- Associated Press - Monday, December 15, 2014

LITTLE ROCK, Ark. (AP) - In malls all across the state, the sound of “Jingle Bells” and “Deck the Halls” can be heard wafting from unobtrusive speakers. Holiday music is intended to make shoppers feel nostalgic, optimistic and generous - all emotions that can equate to sales.

“Christmas music is potent. It’s primal for us,” said Elisabeth Sherwin, a professor who teaches in the psychology department at the University of Arkansas at Little Rock.

She said the ability of Christmas music to evoke generosity and benevolence is significant, and smart retailers capitalize on it to put customers in the frame of mind to buy gifts.

Music is just one of the tools shopping centers use to get customers thinking about opening their wallets, she told the Arkansas Democrat-Gazette (https://bit.ly/1wg98Ai ). It’s part of a broader marketing plan that includes lights, scents and seasonal activities, like a visit to Santa.

The National Retail Federation predicts that retailers should see customers more eager to buy this Christmas. It forecast that November and December retail sales will be up 4.1 percent this year to $616.9 billion, compared with a 3.1 percent gain in 2013.

But bricks-and-mortar stores are facing greater competition from online sales. Shop.org predicted that November and December online sales will grow between 8 percent and 11 percent compared with last year, potentially taking in as much as $105 billion.

“Retailers have to offer a complete emotional experience to offset what’s offered online,” said Carl Marci, co-founder and chief science officer at Boston-based Innerscope Research, a company that uses neuroscience to study consumer behavior.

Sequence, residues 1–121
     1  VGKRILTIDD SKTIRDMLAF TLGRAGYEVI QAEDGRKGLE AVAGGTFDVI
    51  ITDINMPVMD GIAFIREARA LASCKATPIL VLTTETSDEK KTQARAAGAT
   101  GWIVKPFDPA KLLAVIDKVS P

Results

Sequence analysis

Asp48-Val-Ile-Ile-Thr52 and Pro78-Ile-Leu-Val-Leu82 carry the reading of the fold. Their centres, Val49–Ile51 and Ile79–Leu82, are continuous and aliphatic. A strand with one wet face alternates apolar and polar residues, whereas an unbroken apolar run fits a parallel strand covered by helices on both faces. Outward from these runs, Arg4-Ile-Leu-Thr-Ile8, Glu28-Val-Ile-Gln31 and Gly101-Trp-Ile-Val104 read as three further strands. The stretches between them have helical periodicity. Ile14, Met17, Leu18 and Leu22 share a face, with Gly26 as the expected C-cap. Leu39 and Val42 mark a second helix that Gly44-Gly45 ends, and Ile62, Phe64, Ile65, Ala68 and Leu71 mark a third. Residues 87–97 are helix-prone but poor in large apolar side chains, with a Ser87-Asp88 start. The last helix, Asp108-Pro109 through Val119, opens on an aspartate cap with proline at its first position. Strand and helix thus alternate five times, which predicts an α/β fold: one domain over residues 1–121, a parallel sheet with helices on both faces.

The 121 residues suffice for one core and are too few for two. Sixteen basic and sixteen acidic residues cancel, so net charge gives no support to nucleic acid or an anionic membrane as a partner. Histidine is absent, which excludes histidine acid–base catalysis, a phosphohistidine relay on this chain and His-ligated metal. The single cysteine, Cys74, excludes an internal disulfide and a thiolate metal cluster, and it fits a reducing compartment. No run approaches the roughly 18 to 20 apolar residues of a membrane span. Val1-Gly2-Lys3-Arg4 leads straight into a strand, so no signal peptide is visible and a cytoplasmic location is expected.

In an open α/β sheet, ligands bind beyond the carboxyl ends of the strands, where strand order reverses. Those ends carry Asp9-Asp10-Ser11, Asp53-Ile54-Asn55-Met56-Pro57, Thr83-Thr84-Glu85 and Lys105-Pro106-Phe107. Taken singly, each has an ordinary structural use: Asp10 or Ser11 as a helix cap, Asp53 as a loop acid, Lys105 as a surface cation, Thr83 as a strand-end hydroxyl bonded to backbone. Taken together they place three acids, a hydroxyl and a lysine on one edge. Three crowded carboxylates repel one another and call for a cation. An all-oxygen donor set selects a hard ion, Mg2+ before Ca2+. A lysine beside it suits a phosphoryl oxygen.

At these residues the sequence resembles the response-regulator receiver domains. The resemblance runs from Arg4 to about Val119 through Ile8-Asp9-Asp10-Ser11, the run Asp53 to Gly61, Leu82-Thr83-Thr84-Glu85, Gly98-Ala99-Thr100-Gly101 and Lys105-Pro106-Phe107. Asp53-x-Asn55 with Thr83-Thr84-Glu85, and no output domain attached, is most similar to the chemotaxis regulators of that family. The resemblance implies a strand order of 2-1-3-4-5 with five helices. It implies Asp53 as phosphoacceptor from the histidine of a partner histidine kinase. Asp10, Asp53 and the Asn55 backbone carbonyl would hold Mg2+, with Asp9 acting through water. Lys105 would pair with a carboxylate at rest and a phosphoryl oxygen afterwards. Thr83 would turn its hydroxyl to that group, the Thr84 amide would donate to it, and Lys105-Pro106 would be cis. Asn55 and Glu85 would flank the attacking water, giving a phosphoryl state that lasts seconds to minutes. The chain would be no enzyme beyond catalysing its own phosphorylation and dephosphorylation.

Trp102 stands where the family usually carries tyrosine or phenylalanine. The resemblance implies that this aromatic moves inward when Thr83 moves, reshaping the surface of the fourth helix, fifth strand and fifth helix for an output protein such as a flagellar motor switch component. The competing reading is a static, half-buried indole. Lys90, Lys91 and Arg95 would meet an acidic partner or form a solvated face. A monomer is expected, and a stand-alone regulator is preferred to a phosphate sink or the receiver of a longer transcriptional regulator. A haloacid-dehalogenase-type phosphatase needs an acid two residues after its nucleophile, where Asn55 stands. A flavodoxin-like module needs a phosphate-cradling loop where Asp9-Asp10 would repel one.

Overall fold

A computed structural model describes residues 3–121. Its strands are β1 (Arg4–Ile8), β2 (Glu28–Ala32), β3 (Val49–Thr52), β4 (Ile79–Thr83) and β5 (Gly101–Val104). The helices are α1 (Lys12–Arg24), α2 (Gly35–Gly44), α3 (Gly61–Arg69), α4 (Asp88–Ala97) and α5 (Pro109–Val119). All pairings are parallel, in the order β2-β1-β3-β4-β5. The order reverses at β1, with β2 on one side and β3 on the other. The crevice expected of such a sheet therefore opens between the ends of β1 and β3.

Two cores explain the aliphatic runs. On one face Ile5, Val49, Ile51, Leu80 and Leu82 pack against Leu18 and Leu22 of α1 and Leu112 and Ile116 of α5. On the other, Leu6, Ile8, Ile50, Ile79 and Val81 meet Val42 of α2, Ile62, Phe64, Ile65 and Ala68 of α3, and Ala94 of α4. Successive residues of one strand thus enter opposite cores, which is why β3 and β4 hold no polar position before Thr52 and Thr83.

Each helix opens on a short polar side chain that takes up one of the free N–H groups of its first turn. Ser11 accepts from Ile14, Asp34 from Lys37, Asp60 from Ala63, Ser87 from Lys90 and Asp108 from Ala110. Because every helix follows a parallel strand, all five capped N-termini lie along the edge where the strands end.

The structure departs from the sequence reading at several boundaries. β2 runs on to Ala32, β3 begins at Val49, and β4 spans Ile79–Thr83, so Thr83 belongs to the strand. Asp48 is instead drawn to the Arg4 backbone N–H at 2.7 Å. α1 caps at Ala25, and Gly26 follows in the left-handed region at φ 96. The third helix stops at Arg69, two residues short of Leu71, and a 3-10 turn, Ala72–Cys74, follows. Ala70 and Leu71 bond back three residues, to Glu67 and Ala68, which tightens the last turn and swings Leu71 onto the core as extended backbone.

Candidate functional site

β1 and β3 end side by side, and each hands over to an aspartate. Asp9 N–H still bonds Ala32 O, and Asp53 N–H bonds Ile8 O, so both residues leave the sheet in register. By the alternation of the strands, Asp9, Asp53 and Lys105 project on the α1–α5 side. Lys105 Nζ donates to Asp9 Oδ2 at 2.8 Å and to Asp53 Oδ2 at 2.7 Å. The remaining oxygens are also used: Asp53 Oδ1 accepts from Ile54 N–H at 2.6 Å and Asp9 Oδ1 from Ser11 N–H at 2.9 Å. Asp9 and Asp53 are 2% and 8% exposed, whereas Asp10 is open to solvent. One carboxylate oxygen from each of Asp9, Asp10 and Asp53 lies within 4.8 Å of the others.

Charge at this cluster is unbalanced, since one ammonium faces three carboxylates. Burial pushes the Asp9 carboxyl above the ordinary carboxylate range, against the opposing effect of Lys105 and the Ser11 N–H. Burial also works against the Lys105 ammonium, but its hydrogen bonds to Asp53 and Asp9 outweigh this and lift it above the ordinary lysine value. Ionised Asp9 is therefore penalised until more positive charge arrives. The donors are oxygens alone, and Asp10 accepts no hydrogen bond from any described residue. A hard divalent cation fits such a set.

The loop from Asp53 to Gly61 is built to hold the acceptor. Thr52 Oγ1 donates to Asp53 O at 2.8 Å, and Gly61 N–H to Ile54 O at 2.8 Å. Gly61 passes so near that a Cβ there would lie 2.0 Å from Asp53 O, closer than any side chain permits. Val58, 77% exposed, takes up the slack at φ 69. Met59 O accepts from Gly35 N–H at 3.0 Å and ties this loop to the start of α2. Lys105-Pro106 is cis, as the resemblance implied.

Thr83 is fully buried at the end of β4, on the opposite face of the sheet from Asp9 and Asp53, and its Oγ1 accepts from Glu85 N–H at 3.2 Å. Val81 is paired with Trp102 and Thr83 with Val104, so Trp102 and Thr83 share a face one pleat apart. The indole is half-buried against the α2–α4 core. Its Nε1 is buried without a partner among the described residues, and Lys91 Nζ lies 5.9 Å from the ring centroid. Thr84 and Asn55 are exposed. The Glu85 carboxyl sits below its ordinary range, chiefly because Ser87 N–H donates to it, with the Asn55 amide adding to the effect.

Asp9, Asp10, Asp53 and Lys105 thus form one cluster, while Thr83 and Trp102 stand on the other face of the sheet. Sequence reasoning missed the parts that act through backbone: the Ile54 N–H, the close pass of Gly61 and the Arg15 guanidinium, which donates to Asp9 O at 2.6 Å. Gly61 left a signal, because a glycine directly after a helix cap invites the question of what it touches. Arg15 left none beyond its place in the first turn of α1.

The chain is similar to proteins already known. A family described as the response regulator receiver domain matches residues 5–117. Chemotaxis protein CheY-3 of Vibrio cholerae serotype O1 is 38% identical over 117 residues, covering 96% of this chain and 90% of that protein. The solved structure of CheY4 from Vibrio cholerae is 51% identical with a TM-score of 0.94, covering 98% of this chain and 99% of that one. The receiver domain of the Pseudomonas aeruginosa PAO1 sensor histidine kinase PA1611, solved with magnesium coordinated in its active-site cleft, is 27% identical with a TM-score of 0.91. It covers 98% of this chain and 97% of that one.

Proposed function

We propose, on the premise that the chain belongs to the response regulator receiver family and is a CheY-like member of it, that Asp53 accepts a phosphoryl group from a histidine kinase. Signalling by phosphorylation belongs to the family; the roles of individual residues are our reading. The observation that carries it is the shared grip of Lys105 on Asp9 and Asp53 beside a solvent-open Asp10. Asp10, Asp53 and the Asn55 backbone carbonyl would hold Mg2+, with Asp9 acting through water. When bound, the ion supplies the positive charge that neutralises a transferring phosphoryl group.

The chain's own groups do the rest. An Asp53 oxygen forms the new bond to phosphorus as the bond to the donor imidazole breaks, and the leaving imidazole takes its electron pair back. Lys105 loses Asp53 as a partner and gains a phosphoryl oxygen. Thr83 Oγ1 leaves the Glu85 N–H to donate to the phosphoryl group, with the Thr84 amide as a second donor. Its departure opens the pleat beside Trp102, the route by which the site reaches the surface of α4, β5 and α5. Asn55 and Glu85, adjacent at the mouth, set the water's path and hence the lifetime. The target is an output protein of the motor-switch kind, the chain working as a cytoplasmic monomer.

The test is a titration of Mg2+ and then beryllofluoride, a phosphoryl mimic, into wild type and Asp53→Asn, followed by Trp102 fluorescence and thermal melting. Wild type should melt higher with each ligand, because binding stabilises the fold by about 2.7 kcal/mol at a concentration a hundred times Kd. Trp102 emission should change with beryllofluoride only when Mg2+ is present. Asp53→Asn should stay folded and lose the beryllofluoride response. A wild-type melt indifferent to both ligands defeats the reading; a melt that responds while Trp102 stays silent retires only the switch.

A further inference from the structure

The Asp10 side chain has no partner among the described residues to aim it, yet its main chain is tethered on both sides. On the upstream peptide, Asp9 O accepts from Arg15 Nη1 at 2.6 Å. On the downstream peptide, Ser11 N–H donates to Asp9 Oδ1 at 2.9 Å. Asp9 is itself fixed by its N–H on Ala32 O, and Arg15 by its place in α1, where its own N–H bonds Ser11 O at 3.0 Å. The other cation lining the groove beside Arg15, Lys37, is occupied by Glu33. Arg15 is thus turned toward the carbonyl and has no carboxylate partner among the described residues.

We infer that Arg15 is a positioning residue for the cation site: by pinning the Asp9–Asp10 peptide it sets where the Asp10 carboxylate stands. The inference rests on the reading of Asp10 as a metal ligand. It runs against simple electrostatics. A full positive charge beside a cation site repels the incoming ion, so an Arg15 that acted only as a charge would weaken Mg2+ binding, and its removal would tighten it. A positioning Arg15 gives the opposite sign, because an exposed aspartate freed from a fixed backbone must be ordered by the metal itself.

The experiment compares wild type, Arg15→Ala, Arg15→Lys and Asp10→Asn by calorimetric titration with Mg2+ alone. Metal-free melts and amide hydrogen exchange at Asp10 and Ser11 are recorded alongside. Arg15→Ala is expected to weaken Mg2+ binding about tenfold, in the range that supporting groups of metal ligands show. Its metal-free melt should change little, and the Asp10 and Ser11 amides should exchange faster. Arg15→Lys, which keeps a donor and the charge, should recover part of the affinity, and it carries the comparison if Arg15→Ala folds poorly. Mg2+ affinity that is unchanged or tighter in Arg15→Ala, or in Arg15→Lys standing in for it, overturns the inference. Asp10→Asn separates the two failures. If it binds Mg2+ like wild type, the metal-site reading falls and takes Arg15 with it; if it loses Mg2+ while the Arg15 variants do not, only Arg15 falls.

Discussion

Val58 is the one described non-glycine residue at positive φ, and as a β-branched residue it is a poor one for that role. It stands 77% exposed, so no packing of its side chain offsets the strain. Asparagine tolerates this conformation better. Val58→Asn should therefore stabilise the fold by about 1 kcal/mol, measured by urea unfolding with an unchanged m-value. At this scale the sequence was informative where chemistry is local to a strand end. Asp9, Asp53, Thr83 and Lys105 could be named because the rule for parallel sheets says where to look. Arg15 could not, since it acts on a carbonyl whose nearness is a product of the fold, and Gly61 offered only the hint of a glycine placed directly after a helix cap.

“Getting this right is really important for retailers.”

Marci said studies show that music’s tempo, genre and cultural roots can trigger memories and emotions that influence how consumers react consciously and subconsciously. In many cases, music acts as psychological priming - triggering a memory that’s linked to words or objects, he said.

“There is no question that music has a powerful influence on the brain,” Marci said.

At the Promenade at Chenal in Little Rock, the music is turned on right after Black Friday as part of the outdoor mall’s tree-lighting festivities. From then on, Christmas music is standard.

“We’re loud and proud,” said Bethany Siems, marketing coordinator.

At the Promenade at Chenal the music feed is provided by Sound Products Inc., and it’s about a 50-50 mix of holiday and contemporary music so customers and tenants don’t get overloaded on all the Christmas cheer, she said.

“We try to keep it fun, entertaining and pleasant,” she said.

At Northwest Arkansas Mall in Fayetteville, the holiday music is turned on when the decorations go up the week before Thanksgiving. The mall uses a music service that provides a mix of holiday standards that’s played throughout the common areas and the food court.

Church groups and schools performing live during lunch or dinner periods in the food court also is common, featuring everything from mandolins to hand bells.